Devotional Thoughts

Facing Fear and Anxiety

This post by Abby Huffstutler comes from Gospel Meditations on the Psalms (Day 15: “I Know God Is for Me”).

Fear is a universal human experience. We like to describe certain exceptionally daring people as “fearless,” but the reality is that even those individuals fight their own phobias—whether spiders, dentist visits, enclosed spaces, public speaking. . . . Everyone has things that terrify them or trigger anxiety.

But I love that Psalm 56 is just as universal when it offers us help for our fears without qualification. Psalm 56:3 does not limit which fears God can handle, as if He were only big enough to help with particular terrors for particular people. It just says that when we are afraid—for whatever reason—we can trust God. And because God knows we all fear things all the time, He has this psalm ready for us. “When your fear comes, do this: Trust Me.”

One of David’s habits of faith was to pray when in trouble.

David shares a helpful personal illustration—a story of how he trusted God when he was fearful, “when the Philistines seized him in Gath.” The details are in 1 Samuel 21: David is on the run, but he has foolishly sought safety in an enemy camp, so now he’s a captive—definitely scary.

I’m never worried about being captured by a neighboring army! But I can read Psalm 56 and say, “What do I learn from David’s fear management?” Answer: I learn that one of David’s habits of faith is to pray when in trouble. Here are the details—eight ways to pray when I’m scared.

1. Lord, I need grace, please. David starts with a petition (v. 1). He asks the Lord for favor, help, grace.

2. I am afraid. Even though God knows our situations, it is helpful for us to tell Him our hard realities. David says that he is scared because people (Saul? Philistines? others?) are against him. He feels trampled (v. 1); oppressed (v. 2); frustrated that people are twisting his words to mean things he didn’t intend (v. 5); and fearful of their evil intents (v. 5), their attacks, and their plans to kill him (v. 6). Verbalize to God all the specifics of your fears.

3. God, I completely trust You. David affirms a couple things to the Lord (vv. 3, 4): that he is trusting God to help him and that he is not going to continue being afraid. Sometimes affirming our faith out loud to God helps us to believe and act.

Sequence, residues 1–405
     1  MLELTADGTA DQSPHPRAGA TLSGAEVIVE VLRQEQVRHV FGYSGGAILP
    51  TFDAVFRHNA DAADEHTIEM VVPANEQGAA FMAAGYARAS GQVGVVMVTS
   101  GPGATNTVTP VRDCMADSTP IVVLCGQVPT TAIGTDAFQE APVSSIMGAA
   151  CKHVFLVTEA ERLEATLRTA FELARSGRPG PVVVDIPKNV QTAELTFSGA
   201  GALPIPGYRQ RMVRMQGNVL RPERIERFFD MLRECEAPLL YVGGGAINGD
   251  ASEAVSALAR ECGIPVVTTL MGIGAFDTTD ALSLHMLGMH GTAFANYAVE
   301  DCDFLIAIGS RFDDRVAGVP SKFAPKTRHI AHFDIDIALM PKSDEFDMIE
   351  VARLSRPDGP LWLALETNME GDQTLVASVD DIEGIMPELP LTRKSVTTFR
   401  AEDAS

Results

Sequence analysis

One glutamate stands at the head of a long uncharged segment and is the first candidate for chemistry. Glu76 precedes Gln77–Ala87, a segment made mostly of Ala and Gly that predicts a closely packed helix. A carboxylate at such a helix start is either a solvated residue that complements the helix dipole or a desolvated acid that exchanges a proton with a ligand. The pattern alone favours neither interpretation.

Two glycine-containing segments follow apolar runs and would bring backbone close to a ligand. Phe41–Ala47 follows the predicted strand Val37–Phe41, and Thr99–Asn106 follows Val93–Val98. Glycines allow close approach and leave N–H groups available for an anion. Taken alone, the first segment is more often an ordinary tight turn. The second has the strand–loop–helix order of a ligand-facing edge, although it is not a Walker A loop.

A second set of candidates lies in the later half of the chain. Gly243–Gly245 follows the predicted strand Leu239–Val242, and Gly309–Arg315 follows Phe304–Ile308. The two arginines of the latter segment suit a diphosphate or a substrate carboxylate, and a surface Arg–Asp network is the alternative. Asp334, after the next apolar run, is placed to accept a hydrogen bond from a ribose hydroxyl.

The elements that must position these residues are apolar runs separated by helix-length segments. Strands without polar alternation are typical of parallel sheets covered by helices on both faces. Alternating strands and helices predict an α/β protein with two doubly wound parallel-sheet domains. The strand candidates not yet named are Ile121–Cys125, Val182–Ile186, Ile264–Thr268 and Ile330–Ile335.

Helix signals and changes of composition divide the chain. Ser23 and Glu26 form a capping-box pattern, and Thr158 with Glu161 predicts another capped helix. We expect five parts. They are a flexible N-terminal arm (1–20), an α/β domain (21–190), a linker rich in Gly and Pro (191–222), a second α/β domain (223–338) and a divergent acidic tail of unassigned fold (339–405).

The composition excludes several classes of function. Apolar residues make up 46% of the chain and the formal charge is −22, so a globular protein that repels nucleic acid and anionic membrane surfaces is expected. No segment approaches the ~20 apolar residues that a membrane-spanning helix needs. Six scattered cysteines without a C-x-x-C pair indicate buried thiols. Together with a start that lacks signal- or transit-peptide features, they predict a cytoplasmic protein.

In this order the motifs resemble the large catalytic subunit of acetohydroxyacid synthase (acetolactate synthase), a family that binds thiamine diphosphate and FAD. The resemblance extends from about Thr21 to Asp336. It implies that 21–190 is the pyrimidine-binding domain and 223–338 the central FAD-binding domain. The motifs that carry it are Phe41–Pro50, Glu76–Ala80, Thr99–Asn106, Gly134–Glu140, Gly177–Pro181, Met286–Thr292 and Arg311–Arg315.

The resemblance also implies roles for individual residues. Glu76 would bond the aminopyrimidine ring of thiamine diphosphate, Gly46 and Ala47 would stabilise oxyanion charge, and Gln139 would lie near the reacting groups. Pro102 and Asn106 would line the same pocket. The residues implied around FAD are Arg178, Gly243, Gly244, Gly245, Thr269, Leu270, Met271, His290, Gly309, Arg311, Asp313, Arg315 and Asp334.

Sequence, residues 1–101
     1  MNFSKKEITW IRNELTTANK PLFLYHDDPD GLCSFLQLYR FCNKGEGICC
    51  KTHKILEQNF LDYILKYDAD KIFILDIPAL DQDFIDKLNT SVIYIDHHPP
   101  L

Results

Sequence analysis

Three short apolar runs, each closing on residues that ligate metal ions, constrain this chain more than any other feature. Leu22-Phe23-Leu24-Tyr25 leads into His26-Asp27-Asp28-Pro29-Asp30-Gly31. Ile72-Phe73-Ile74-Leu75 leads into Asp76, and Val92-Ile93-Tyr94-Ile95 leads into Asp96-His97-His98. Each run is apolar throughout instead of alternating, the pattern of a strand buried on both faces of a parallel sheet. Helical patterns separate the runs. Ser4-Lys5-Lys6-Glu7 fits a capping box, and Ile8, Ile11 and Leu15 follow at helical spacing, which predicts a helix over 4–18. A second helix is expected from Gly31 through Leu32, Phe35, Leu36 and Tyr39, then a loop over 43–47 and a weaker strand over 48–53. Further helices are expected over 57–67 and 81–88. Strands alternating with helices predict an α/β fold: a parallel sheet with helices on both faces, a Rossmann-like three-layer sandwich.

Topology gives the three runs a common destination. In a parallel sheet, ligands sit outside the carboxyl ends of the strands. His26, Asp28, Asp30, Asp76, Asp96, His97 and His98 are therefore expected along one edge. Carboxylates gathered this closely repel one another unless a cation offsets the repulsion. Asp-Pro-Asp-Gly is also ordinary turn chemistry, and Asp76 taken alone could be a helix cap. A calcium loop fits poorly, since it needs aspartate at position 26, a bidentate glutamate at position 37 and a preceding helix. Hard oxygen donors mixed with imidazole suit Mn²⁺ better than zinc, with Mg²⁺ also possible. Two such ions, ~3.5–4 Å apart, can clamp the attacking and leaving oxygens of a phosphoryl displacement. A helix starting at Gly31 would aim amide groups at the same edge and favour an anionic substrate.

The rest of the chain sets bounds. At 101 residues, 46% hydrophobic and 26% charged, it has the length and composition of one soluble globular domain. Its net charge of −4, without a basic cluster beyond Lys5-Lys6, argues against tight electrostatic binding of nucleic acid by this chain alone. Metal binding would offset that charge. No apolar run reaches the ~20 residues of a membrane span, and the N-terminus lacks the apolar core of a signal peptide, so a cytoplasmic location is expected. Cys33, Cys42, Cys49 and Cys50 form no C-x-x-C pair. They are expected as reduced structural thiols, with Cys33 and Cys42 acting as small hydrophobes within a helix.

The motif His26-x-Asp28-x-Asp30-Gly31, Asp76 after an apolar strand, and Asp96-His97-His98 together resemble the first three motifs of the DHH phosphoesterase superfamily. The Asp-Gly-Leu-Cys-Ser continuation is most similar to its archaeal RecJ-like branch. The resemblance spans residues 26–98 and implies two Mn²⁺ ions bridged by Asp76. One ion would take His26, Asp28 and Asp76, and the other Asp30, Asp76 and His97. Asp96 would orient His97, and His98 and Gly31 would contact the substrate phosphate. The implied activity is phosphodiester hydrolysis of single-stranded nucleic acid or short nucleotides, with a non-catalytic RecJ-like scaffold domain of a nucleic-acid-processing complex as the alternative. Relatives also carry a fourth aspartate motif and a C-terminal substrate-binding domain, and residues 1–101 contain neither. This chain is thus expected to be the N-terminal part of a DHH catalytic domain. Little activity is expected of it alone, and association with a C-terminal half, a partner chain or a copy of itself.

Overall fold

4. What can people do, really? David asks a rhetorical question (v. 4). Answer: People can’t do anything to truly threaten my life—not when I have God as my Protector. Tell God your worst-case scenarios and let Him assure you that, because of Jesus, you’re secure forever.

5. Please judge them, God. David could go full revenge-mode here, but he leaves the judgment of his enemies with God (v. 7). This is a great biblical example of how to deal with those who wrong us (Romans 12:19).

6. God, You know. David repeats truth to himself during this mess: God, You know my journey, my sorrows, my tears (v. 8). God knows everything we face. Jesus sympathizes with your difficulties (Hebrews 4:15–16). And He cares (1 Peter 5:7).

7. I know You are for me, God. David reminds himself that he is not alone—that God is with him and for him (v. 9). This is big: the presence of God in my life trumps my fears (Hebrews 13:6; Romans 8:31–32).

8. God, You’ve rescued me before. David remembers the past (v. 13). If Jesus has saved you from sin, believe He can deliver you from present fears.

My trust in God can be expressed and enhanced when I pray. And my fears can be confronted and conquered when I pray. I have a God-designed prayer plan for dealing with the things that repeatedly make me afraid: Psalm 56.

Let the gospel provide a safe place of trust in God when you are tempted to fear.

Explore the whole book!

The Psalms are balms. They have brought help and healing to God’s people for over 3,000 years. Scripture’s 150 inspired songs give us words to pray during times of joy and sorrow, triumph and loss, worship and conviction. They are so vibrant, so beautiful, so real. This 31-day devotional presents short studies of thirty psalms, exploring their connection to the gospel and their direct application to our everyday experiences—our ups and downs, our highs and lows.